AUSTRALIA'S residential building boom will soon start to run out of steam, with construction of new unit blocks set to halve by 2020, a report has predicted.
Released today, the Building in Australia 2016-2031 report says new home building will begin to slow from its 2015-16 peak in the coming year as a "tsunami of supply" impacts the market.
The BIS Shrapnel report says the number of new multi-residential dwellings is expected to plummet by 50%, from 107,000 to 53,800, over the next four years with the high-rise apartment sector leading the decline.
BIS Shrapnel associate director Kim Hawtrey said while a lack of supply and low interest rates had driven building activity to its current peak, the major markets - with the exception of New South Wales - would soon shift into oversupply.
"Low interest rates have unlocked significant pent-up demand and underpinned the current boom in activity, but with population growth slowing and a strong backlog of dwellings due for completion, new supply will outpace demand," Mr Hawtrey said.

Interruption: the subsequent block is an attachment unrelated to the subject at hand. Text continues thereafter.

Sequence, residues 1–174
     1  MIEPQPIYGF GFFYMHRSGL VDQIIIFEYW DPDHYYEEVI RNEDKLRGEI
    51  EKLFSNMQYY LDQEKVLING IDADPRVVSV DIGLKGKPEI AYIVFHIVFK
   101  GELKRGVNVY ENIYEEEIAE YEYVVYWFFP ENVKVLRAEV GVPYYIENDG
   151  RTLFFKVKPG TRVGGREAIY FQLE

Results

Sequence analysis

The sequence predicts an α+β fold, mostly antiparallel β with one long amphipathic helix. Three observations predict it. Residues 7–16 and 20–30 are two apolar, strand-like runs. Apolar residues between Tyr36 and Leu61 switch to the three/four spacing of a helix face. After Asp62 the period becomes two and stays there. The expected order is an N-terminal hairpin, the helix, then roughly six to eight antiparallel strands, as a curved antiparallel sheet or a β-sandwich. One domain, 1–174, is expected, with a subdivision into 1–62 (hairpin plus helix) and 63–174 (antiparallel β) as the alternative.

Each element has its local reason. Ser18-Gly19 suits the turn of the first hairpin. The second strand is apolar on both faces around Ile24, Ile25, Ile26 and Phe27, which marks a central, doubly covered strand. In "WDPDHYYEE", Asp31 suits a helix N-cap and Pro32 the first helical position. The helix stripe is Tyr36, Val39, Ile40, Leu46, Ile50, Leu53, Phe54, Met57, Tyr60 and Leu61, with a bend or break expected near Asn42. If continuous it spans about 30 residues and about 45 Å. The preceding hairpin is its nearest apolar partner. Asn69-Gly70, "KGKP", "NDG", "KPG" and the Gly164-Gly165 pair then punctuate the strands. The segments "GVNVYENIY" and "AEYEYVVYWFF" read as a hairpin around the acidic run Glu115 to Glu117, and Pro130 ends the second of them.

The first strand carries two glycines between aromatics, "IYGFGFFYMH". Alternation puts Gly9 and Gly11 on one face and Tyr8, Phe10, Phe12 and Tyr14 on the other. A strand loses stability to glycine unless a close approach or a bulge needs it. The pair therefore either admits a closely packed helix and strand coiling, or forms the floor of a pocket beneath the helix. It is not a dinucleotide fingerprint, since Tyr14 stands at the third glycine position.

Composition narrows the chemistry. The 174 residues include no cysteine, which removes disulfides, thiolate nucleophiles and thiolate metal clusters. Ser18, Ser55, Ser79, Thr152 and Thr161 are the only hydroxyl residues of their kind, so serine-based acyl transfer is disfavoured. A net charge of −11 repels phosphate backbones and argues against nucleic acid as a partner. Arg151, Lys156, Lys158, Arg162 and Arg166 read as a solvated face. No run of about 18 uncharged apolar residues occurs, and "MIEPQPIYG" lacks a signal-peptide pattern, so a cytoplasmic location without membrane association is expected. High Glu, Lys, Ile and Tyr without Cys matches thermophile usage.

"This will see the national deficiency of dwellings gradually eroded and most key markets will begin to display signs of fatigue."
Despite building activity starting to slow, however, the report's author said work starting on new homes would still track at a historic high over the next 12 months.
"While we are forecasting a fall in activity from its current peak, this will mostly be felt in the higher density segment of the market," he said.
The findings also indicated investors who once drove the "apartment boom" would no longer fuel the market due to financial restrictions.
"With investors facing finance restrictions and first home buyers sidelined, it will be up to upgraders/downsizers to help cushion the decline in activity," Mr Hawtrey said.
"But we're not confident, given that the national stock deficiency will have been largely satisfied by 2017."
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